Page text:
We left the shelter this morning with the plan to stealth on Rattlesnake Mountain. But we got there with still a lot of day light left, so we pushed on to the top of the Buttermilk Falls Trail where we camped for the night. No shelter. I’m beginning to get summit fever. I can almost taste the pie.
We bear-bagged our food, and I got an early start in the morning. Destination: Mohican Outdoor Center, only ten miles away. It was slow going for me in the beginning, but after the vitamin I took clicked in, I was off and going.
Got about a mile from the center and I ran out of gas. So I did a Goo, drank some water and off I went with my second wind. When I got to the Center it was one forty five but the cabin we were put in was another quarter mile down the road. Got there and went straight to the shower. First shower all week and I had a clean set of cloths to change into. I went back to the lodge and had a sandwich and soda. It was after four when deb and Martin showed up. That night we ordered pizza and another woman there took Deb to get drinks. So we had pizza and listened to live music. Tomorrow we will have pie.
We were on the trail early, around six am. It was cold but the views were great. We all hiked together this day. Sunfish Pond was beautiful. Martin’s girlfriend, Donna, and her friend Heidi hiked in to meet up with us as we were on the home stretch.
When we got to the parking lot by Rt. 80 Paul met us with cold drinks.
At 0 mile marker, halfway over the bridge to PA, we completed our thru hike of New Jersey on the Appalachian Trail!
But the quest was not over. We needed pie. When we got to the bakery we were taking pictures and a woman came out of the bakery and asked if I was Tom. I said, “Yes, the quest is here.” They gave us all coffee and pie and hot dogs and did not let us pay.
I stayed true to this glorious quest. And just like that it was over. I started this hike with doinit as my trail name. I am now “Captain Trails.”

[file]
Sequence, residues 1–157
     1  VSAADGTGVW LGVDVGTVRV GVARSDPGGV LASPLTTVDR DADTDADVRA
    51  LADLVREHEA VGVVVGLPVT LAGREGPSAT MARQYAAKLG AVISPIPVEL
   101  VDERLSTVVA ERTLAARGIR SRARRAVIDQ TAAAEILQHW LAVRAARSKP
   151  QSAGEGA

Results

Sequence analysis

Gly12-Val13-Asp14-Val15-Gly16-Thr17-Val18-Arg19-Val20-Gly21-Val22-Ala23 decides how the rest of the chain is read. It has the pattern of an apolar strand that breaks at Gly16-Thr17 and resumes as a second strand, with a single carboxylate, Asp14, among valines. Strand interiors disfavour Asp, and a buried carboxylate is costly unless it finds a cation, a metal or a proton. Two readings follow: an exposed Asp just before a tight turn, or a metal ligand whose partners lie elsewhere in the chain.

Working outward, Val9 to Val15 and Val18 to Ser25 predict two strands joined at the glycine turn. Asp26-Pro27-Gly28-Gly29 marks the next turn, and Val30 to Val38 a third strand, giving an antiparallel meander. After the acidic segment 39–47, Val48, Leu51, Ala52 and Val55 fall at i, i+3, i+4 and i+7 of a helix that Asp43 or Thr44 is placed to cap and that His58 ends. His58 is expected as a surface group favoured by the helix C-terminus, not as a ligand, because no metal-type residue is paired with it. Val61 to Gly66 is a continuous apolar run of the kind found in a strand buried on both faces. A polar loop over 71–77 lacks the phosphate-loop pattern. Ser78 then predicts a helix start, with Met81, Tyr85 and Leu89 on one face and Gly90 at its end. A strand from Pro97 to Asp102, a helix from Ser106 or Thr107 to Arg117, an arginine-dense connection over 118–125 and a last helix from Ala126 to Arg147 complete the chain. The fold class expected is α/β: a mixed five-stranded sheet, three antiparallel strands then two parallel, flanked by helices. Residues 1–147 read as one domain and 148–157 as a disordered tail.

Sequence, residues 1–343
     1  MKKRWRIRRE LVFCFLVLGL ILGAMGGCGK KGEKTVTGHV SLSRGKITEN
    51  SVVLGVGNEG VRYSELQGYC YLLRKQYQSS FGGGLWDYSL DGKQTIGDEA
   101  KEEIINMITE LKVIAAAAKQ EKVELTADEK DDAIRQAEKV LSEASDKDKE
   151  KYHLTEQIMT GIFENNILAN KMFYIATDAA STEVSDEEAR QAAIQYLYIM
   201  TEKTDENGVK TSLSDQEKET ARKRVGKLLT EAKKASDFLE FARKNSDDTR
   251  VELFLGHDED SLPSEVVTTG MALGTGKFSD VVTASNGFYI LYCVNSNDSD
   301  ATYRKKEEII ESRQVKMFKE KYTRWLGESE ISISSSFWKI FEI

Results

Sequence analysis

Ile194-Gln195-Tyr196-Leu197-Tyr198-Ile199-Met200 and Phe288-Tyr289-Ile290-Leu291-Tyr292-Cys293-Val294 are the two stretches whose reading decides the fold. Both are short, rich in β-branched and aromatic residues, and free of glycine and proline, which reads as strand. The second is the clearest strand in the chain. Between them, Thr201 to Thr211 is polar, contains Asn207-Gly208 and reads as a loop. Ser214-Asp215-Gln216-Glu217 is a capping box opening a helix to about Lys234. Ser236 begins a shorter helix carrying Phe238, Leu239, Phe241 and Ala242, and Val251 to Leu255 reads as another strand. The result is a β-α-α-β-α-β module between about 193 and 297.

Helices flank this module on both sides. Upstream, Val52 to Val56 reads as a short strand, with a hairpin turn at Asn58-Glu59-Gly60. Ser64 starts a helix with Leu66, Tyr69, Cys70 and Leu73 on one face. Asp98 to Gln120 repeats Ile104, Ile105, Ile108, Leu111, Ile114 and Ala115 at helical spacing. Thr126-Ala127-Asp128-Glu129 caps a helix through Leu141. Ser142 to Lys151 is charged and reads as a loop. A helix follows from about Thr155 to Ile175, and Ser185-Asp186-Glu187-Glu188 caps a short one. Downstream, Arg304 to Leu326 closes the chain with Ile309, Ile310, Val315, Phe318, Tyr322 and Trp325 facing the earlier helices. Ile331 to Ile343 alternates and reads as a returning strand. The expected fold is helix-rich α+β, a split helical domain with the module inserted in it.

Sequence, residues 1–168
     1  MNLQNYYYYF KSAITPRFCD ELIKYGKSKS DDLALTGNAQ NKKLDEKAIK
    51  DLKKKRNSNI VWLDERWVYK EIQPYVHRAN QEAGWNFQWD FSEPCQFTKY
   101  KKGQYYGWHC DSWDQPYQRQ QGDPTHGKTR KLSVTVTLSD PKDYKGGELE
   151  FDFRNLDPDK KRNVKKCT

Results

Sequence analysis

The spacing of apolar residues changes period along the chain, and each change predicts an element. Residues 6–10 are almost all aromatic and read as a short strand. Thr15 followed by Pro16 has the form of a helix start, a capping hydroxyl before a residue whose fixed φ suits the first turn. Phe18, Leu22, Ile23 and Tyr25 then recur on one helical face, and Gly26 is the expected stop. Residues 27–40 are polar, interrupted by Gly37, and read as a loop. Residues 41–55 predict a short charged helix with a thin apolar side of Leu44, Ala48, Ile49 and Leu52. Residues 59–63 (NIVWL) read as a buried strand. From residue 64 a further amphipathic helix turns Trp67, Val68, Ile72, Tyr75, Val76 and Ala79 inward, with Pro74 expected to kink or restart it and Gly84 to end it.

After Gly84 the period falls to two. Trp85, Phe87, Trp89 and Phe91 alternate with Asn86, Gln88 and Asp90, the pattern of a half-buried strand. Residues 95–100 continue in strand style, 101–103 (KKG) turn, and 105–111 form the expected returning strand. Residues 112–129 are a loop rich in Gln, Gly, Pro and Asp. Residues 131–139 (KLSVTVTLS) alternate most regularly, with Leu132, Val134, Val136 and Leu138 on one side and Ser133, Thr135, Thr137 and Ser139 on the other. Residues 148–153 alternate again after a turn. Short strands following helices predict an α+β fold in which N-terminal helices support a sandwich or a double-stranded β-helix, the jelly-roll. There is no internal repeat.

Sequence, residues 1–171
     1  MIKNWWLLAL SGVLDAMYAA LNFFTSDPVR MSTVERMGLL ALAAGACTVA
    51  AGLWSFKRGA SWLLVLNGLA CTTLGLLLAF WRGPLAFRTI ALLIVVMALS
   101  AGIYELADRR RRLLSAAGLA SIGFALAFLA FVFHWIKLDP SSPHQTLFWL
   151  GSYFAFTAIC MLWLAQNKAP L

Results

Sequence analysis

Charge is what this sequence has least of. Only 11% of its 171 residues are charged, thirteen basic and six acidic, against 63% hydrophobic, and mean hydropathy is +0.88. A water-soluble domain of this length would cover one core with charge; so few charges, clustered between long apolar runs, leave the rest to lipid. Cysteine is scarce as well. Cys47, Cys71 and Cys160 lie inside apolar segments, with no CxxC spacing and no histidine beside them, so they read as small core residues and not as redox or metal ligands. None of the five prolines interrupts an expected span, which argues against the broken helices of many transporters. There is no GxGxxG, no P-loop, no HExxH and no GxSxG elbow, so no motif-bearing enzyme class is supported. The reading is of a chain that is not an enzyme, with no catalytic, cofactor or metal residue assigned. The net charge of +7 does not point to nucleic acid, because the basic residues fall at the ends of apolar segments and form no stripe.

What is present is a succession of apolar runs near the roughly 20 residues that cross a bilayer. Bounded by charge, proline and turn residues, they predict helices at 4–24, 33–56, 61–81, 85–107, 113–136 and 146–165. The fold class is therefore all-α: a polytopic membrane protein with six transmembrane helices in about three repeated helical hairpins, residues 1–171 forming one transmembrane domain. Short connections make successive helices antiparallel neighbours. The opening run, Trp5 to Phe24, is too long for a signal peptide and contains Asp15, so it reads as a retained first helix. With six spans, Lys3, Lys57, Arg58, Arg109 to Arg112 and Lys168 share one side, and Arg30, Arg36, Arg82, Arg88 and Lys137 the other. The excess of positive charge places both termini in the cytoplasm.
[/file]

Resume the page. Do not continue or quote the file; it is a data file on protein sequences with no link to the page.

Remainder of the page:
This hike was a challenge that I wasn’t going to give up on. I’m not going to say that I learned anything profound or that this was a magical, mystical hike. Or spiritual. It was a hike I committed to and there was no way I would fail, barring major injury.
What I did learn was that it takes a lot of fortitude to fight the pain. The whole ball and more of my left foot is nothing but a huge blister, that I had to hike on all week. I got it the first day. So every step after that was pain. My pack was very heavy; I have know idea why. But it was. After a couple of days all my muscles hurt and I was very badly chafed. To the point of blood. So to say this was easy would be a lie. But it was a quest. But not really a quest for pie. It was a quest to right a wrong.
Last year I failed at this attempt. I could blame the fact that it rained everyday. But the fact is I have no one to blame but myself. It was my decision to get off the trail. No one else’s. And I have regretted that for a year and a half. So this time, no matter what, I was going to complete this hike, no matter how hard it was. This was truly a quest in every sense of the term. But it really wasn’t about pie. This was a personal quest.
People who know me will tell you that when I set my mind to something I don’t give up easy, if at all. And this time giving up was not an option at all. Just was not an option.
I also got to appreciate what a beautiful state I live in. I have seen things that most of the population of New Jersey will never see. I have also seen more rocks then I ever care to see again, but I know I will.
When I got to the bakery, I almost cried, because when you want something so badly and work so hard to get it, it just feels so good, almost surreal.
I know this was only an 80 mile hike but again it was by far the longest hike I ever did. And keep in mind I’m a s- s- s- sixty year old, out of shape guy. Not a young kid.
So now I sleep well; I completed my quest; I righted a wrong in my own heart. So now it’s time to plan my next adventure. I don’t think I will ever have the opportunity to do a thruhike. But I know in my heart that if I ever did have the opportunity that I would complete it, again barring any major injury.
So that about sums it up. It was a great hike with good people. And I know I am better for this. I do not cotton to failure.
Captain Trails (formerly, Doinit).